(a) Make a checklist of personal and patrol gear that will be needed.
(b) Pack your own gear and your share of the patrol equipment and food for proper carrying. Show that your pack is right for quickly getting what is needed first, and that it has been assembled properly for comfort, weight, balance, size, and neatness.


1a. Present yourself to your leader, prepared for an overnight
camping trip. Show the personal and camping gear you will
use. Show the right way to pack and carry it.
1b. Spend at least one night on a patrol or troop campout. Sleep in
a tent you have helped pitch.
1c. Tell how you practiced the Outdoor Code on a campout or outing.
2a. On the campout, assist in preparing one of the meals. Tell
why it is important for each patrol member to share in meal
preparation and cleanup.
2b. While on a campout, demonstrate the appropriate method of
safely cleaning items used to prepare, serve, and eat a meal.
2c. Explain the importance of eating together as a patrol.

5a. Explain the importance of the buddy system as it relates to
your personal safety on outings and in your neighborhood.
Use the buddy system while on a troop or patrol outing.

5b. Describe what to do if you become lost on a hike or campout.
5c. Explain the rules of safe hiking, both on the highway and cross-
country, during the day and at night

First Aid & Our Environment

a. Show first aid for the following:
• Simple cuts and scrapes
• Blisters on the hand and foot
• Minor (thermal/heat) burns or scalds (superficial,
or first-degree)
• Bites or stings of insects and ticks
• Venomous snakebite
• Nosebleed
• Frostbite and sunburn
• Choking
4b. Describe common poisonous or hazardous plants; identify any
that grow in your local area or campsite location. Tell how to
treat for exposure to them.
4c. Tell what you can do while on a campout or other outdoor
activity to prevent or reduce the occurrence of injuries or
exposure listed in Tenderfoot requirements 4a and 4b.
4d. Assemble a personal first-aid kit to carry with you on future
campouts and hikes. Tell how each item in the kit would be used.

Using Tools & Fire


3d. Demonstrate proper care, sharpening, and use of the knife,
saw, and ax. Describe when each should be used

Totin Chip

This certification grants a Scout the right to carry and use woods tools. The Scout must show their Scout leader, or someone designated by their leader, that the Scout understands their responsibility to do the following:

  1. Read and understand woods tools use and safety rules from the Scouts BSA handbooks.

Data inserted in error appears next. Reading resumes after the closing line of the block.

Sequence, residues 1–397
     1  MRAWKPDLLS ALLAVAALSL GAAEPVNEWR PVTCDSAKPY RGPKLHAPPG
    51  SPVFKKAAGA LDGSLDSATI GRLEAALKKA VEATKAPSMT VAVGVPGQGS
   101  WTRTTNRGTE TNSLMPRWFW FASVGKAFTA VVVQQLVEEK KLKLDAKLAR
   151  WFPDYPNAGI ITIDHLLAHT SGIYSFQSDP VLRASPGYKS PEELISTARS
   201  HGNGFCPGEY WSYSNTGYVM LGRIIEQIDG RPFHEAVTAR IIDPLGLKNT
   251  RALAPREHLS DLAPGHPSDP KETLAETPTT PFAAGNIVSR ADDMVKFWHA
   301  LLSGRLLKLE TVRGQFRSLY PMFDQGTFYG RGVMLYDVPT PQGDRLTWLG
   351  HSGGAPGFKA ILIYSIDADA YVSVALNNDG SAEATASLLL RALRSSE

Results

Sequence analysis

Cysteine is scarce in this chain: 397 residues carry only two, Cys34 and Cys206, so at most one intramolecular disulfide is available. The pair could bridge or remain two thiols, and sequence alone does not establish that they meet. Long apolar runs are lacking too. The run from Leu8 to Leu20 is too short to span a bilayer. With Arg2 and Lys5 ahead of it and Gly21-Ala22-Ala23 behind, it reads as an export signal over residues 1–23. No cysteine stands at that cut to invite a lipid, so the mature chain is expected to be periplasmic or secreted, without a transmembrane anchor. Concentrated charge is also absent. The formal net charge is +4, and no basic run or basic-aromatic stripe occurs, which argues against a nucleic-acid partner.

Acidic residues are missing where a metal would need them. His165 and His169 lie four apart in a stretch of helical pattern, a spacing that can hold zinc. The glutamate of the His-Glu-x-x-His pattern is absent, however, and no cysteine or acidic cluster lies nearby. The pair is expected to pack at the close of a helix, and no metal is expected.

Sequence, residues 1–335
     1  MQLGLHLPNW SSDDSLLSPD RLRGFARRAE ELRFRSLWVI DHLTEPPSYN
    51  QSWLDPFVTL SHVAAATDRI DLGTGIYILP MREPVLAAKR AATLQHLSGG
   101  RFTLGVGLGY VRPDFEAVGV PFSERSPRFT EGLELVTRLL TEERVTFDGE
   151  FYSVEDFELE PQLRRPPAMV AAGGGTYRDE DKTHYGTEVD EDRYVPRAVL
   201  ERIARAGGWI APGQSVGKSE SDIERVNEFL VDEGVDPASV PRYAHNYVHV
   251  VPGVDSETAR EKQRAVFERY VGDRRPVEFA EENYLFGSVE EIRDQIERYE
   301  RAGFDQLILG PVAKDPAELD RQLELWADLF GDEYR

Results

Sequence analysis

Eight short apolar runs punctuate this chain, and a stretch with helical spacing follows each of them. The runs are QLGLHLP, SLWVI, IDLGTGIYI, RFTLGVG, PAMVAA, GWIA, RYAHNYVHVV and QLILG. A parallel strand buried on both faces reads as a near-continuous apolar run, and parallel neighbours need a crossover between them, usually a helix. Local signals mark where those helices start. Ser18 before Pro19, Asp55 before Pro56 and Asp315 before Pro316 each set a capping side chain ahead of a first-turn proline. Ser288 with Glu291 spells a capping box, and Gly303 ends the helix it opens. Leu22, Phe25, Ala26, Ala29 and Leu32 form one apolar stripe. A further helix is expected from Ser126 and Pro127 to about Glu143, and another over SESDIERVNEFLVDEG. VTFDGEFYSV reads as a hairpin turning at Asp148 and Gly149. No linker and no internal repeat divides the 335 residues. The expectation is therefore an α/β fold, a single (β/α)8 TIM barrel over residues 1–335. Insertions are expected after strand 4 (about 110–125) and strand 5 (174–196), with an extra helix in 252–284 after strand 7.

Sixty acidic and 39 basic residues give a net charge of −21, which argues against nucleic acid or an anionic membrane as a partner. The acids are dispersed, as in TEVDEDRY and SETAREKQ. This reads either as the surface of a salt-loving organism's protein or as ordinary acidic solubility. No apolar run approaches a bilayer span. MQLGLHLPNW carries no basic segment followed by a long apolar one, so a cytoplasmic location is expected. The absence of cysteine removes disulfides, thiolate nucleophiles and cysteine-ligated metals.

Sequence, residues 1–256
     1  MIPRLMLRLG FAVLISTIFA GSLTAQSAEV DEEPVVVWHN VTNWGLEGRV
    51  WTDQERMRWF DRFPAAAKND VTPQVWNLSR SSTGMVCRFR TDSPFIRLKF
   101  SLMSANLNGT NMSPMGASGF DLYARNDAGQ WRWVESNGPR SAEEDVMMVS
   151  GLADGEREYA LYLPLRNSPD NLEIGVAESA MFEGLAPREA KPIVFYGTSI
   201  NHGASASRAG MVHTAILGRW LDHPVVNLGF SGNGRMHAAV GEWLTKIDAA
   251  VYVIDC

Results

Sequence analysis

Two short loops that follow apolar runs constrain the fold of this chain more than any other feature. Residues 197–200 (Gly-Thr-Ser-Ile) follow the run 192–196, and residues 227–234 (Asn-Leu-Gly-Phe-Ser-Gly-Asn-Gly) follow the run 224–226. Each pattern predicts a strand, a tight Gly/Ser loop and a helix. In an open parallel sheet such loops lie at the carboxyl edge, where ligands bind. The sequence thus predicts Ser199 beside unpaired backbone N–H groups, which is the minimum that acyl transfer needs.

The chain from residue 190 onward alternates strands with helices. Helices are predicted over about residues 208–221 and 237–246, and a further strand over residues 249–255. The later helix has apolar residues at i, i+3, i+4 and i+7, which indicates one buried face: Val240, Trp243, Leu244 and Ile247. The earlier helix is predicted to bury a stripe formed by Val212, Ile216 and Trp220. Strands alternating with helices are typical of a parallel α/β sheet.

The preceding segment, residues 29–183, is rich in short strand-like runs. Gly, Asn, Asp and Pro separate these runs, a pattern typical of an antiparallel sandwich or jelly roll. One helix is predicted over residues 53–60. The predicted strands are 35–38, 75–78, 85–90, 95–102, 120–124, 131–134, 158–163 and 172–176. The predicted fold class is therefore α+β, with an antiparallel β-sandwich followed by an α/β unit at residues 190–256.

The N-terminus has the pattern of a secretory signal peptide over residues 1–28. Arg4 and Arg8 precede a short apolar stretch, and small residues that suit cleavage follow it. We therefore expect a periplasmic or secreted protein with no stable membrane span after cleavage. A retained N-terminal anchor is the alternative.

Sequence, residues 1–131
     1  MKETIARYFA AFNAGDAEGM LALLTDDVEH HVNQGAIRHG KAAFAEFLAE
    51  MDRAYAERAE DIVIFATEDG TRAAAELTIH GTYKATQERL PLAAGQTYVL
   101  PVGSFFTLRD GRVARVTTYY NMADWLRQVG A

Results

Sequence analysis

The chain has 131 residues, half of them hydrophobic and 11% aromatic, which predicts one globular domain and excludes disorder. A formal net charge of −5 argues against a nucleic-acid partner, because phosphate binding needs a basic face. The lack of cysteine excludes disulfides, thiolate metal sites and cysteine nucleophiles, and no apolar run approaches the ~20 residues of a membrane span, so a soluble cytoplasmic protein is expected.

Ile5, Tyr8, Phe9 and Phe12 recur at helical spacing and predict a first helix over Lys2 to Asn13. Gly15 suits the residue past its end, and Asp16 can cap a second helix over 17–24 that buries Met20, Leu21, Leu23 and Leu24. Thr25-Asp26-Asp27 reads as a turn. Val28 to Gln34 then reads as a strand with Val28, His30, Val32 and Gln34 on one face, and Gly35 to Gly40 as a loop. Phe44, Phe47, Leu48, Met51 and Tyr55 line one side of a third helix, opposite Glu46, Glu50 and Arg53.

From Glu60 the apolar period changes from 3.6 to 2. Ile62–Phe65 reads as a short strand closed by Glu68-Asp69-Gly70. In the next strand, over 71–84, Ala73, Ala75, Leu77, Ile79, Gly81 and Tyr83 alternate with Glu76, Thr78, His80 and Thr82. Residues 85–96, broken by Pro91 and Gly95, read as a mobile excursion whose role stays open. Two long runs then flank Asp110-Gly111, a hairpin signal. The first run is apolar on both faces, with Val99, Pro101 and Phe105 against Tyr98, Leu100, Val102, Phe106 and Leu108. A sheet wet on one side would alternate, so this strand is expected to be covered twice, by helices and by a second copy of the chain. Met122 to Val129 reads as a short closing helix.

2. Demonstrate proper handling, care, and use of the pocketknife, ax, and saw.
  3. Use knife, ax, and saw as tools, not playthings.
  4. Respect all safety rules to protect others.
  5. Respect property. Cut living and dead trees only with permission and good reason.
  6. Subscribe to the Outdoor Code.

The Scout’s “Totin’ Rights” can be taken away if they fail in their responsibility.

Firem’n Chip

This certification grants a Scout the right to carry fire-lighting devices (matches, lighters, etc.) to build campfires. The Scout must show their Scout leader, or someone designated by their leader, an understanding of the responsibility to do the following:

  1. I have read and understand use and safety rules from the Scouts BSA Handbook.
  2. I will build a campfire only when necessary and when I have the necessary permits (regulations vary by locality).
  3. I will minimize campfire impacts or use existing fire lays consistent with the principles of Leave No Trace. I will check to see that all flammable material is cleared at least 5 feet in all directions from fire (total 10 feet).
  4. I will safely use and store fire-starting materials.
  5. I will see that fire is attended to at all times.
  6. I will make sure that water and/or a shovel is readily available. I will promptly report any wildfire to the proper authorities.
  7. I will use the cold-out test to make sure the fire is cold out and will make sure the fire lay is cleaned before I leave it.
  8. I follow the Outdoor Code, the Guide to Safe Scouting, and the principles of Leave No Trace and Tread Lightly!

The Scout’s “Firem’n Rights” can be taken away if they fail in their responsibility.